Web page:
Times obituary Roy Bennett

OBITUARY Roy Bennett

The Times (UK)

23 January 2018

White Zimbabwean renowned as a courageous and outspoken critic of Robert Mugabe’s corrupt regime whose appeal transcended race

The Times Bennett, pictured in 2009, was popular with black MDC supporters JEKESAI NJIKIZANA/AFP/GETTY IMAGES

Had Roy Bennett and his wife, Heather, died in a helicopter crash in Zimbabwe, rather than in New Mexico, then that country’s Zanu-PF regime might well have been suspected of orchestrating the “accident” in its customary style.

Robert Mugabe and his henchman who is now his successor, Emmerson Mnangagwa, had relentlessly persecuted Bennett — a leading member of the opposition Movement for Democratic Change (MDC) — for nearly two decades.

They seized his farm, arrested and imprisoned him on trumped-up charges, and forced him and his family into exile. They had reason to wish Bennett dead. He was not just an extraordinarily brave and outspoken critic of Zimbabwe’s brutal, corrupt regime. He was also impossible to dismiss as just another aggrieved white farmer and a colonialist leftover. Bennett spoke fluent Shona.

He understood and cared deeply for black Zimbabweans, whether they were his farm workers, his fellow prisoners or ordinary citizens. He considered himself African and was affectionately known as “pachedu”, the Shona word that roughly translates as “one of us”.

He was one of the few white Zimbabweans whose appeal transcended race, and that made him a very dangerous opponent to a regime that shamelessly stoked racial tensions to shore up its rule.

Tough, blunt, impulsive and dynamic, Bennett was a successful farmer and coffee planter who became a member of parliament and a top adviser to Morgan Tsvangirai, the MDC’s leader. An accomplished horseman, he played for Zimbabwe at polocrosse, a sport that combines polo and lacrosse.

He also represented the sort of country that Zimbabwe, given the chance, might have been: multiracial, prosperous and free.

Roy Leslie Bennett was born in Rusape, a town in the east of what was then Rhodesia, in 1957. He grew up on his father’s farm in Karoi, in the north, and learnt fluent Shona from the farmworkers’ children. He was sent to boarding school in Harare, but ran away to join the British South Africa Police at the age of 16.

The war against white minority rule was raging at that time and, because he spoke Shona and could survive in the bush, the security forces sent him to remote frontline areas.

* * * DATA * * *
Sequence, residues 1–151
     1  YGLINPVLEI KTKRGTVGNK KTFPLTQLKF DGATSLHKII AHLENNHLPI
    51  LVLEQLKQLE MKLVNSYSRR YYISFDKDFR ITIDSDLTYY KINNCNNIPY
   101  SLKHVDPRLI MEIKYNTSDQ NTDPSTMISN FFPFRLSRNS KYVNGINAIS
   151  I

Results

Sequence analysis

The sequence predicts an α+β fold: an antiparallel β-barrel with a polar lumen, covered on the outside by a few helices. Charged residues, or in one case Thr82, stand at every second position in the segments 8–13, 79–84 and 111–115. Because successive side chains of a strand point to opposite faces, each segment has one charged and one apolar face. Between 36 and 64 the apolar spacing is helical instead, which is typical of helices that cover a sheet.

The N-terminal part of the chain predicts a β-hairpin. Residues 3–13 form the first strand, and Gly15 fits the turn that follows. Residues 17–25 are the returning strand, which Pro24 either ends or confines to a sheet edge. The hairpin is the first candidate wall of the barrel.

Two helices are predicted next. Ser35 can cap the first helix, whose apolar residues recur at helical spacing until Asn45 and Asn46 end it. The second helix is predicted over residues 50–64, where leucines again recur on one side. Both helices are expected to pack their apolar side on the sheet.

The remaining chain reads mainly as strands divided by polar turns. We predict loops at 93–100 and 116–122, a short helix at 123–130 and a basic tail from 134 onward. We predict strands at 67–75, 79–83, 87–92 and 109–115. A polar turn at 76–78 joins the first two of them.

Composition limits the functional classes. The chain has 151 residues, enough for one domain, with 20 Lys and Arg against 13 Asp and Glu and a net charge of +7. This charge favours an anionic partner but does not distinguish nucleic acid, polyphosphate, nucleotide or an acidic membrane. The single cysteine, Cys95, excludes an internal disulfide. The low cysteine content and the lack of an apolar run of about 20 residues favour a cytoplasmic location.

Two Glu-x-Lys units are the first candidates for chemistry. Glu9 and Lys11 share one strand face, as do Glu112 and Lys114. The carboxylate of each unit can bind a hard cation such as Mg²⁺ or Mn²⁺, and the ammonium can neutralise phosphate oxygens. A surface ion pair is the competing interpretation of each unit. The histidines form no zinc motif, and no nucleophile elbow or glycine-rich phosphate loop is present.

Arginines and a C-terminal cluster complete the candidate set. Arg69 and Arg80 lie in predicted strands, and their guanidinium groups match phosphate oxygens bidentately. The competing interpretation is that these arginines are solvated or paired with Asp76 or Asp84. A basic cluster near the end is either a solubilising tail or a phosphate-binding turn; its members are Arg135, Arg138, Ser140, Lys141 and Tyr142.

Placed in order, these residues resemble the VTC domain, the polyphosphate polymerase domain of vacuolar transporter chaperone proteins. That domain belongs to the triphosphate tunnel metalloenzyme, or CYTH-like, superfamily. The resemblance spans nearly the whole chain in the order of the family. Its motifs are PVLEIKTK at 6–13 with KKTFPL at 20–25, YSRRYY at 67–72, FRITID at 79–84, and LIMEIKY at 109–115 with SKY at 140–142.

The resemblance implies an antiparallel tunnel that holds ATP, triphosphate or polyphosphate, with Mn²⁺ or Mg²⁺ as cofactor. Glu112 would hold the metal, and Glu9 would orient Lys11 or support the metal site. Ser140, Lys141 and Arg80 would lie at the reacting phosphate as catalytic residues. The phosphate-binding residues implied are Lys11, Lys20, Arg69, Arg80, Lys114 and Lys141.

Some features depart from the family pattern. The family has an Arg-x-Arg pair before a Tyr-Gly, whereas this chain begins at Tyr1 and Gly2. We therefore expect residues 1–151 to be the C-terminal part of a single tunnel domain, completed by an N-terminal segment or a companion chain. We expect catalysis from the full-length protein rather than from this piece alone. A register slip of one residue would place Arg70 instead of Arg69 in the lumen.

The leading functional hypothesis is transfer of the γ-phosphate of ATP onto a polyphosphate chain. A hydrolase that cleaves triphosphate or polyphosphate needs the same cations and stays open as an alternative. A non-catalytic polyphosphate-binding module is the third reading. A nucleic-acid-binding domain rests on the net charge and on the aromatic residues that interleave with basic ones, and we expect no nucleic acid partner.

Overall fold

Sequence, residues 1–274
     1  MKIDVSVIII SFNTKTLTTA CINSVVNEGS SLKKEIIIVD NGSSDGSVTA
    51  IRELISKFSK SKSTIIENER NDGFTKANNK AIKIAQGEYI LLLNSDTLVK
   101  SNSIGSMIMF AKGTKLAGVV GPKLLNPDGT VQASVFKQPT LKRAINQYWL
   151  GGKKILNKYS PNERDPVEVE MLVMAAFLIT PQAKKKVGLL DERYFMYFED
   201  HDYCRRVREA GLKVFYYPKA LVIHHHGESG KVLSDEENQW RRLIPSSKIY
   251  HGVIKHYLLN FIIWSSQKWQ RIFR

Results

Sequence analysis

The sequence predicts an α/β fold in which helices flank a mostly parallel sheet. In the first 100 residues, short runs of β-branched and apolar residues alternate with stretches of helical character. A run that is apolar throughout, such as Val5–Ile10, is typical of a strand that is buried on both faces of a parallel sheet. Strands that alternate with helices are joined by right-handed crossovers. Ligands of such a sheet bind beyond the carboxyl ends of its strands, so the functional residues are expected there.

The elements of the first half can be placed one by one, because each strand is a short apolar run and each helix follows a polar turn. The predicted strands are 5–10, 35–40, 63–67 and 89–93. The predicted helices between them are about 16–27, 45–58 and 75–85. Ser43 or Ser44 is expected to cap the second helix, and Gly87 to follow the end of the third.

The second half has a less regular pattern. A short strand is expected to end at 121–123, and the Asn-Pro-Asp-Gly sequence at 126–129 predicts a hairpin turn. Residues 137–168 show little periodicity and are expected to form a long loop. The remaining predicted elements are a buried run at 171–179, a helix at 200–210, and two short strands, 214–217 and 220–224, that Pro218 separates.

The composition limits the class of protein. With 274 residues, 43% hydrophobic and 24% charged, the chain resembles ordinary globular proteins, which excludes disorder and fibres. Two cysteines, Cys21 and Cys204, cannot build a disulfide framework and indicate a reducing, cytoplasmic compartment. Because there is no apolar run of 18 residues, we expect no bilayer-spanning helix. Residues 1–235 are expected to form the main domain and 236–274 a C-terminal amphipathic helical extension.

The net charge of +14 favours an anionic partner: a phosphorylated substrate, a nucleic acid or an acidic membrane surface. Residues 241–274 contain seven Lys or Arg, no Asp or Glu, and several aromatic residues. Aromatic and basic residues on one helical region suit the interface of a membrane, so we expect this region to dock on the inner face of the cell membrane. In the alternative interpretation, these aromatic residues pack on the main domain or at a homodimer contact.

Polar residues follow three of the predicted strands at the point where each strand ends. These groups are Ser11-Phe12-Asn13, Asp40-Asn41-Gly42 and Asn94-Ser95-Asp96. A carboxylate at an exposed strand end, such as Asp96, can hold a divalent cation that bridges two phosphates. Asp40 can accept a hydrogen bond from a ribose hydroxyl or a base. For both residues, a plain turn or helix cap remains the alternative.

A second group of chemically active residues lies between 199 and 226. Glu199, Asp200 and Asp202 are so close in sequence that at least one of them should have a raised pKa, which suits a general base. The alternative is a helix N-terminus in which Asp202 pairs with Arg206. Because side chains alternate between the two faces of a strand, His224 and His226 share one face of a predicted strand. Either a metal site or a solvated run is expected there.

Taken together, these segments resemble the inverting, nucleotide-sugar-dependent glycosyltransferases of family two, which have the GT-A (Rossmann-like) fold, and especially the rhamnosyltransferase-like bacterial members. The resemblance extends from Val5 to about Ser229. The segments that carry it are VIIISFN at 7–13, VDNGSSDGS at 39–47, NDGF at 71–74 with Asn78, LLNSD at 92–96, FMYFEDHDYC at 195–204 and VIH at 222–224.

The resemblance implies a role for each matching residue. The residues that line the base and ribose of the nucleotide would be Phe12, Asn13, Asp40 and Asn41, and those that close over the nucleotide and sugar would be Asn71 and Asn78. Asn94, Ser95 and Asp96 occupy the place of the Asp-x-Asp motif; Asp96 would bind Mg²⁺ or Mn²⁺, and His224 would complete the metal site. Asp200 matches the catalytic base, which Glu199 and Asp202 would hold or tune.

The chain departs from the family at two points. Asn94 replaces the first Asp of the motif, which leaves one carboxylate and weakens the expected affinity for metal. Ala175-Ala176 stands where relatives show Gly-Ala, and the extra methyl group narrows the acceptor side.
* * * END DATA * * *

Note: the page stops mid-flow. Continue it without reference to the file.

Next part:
There he saw first-hand the brutality used by Mugabe’s guerillas against suspected black collaborators. Their relatives were forced to beat them to death, or they were tied up and shot at close range.

In one instance he recalled that “these ‘Liberation heroes’ took a metal bar, heated it red hot, made a crook on its end and disembowelled a woman. Her young daughter was buried alive alongside her.”

Aged 21 he left the police to attend agricultural college. He soon acquired four small farms in the Karoi area and married Heather, a garage owner’s daughter from Chivu five years his junior. They had two children: Charles, who later joined the British Army; and Casey, who works in the safari business in South Africa.

In 1993 Bennett sold his Karoi properties in order to buy the 7,000-acre Charleswood Estate in the mountainous Chimanimani district of eastern Zimbabwe. He respectfully sought the approval of the community elders for the purchase.

He employed 2,000 local people, helped neighbouring smallholders to grow coffee and became so popular that the elders asked him to contest the general election of 2000. He stood as a candidate of the newly formed MDC and won comfortably — despite Zanu-PF’s best efforts to intimidate him.

The ruling party’s henchmen invaded his farm and terrorised his workers. His wife, who was five months pregnant with their third child, had a miscarriage after she tried to stop them beating a farmworker.

“They kept on hitting one man with an axe handle,” she said. “It was unbearable. I begged them to stop so they pushed a spear against my neck and forced me down. That night the pain began. I lost the baby. It was a boy.”

Zanu-PF continued to persecute Bennett relentlessly despite, or because of, his overwhelming endorsement by the black voters of Chimanimani. He was one of three white MPs.

For the next three years its thugs repeatedly invaded his farm, looting its equipment, stealing its produce and killing its cattle despite six court orders in his favour. Two farm workers were killed, others were raped and most were forced from their homes.

Bennett was arrested and assaulted several times.